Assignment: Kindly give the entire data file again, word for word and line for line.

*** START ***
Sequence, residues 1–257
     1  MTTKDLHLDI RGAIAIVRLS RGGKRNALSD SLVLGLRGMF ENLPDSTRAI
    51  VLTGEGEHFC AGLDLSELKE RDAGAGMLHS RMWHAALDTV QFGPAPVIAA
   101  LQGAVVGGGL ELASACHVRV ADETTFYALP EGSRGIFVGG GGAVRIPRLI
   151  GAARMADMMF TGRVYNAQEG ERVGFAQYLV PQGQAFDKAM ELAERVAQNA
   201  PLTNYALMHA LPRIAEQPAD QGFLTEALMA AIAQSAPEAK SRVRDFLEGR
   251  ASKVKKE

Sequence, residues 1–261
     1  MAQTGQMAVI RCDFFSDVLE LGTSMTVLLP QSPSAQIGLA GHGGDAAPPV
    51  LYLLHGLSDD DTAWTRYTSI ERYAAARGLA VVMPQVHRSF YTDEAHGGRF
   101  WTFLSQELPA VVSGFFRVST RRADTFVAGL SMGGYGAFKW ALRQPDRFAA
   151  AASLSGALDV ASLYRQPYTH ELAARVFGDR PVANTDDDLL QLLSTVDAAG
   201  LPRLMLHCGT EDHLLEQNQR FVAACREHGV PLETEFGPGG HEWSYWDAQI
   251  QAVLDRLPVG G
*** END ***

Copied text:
Sequence, residues 1–257
     1  MTTKDLHLDI RGAIAIVRLS RGGKRNALSD SLVLGLRGMF ENLPDSTRAI
    51  VLTGEGEHFC AGLDLSELKE RDAGAGMLHS RMWHAALDTV QFGPAPVIAA
   101  LQGAVVGGGL ELASACHVRV ADETTFYALP EGSRGIFVGG GGAVRIPRLI
   151  GAARMADMMF TGRVYNAQEG ERVGFAQYLV PQGQAFDKAM ELAERVAQNA
   201  PLTNYALMHA LPRIAEQPAD QGFLTEALMA AIAQSAPEAK SRVRDFLEGR
   251  ASKVKKE

Sequence, residues 1–261
     1  MAQTGQMAVI RCDFFSDVLE LGTSMTVLLP QSPSAQIGLA GHGGDAAPPV
    51  LYLLHGLSDD DTAWTRYTSI ERYAAARGLA VVMPQVHRSF YTDEAHGGRF
   101  WTFLSQELPA VVSGFFRVST RRADTFVAGL SMGGYGAFKW ALRQPDRFAA
   151  AASLSGALDV ASLYRQPYTH ELAARVFGDR PVANTDDDLL QLLSTVDAAG
   201  LPRLMLHCGT EDHLLEQNQR FVAACREHGV PLETEFGPGG HEWSYWDAQI
   251  QAVLDRLPVG G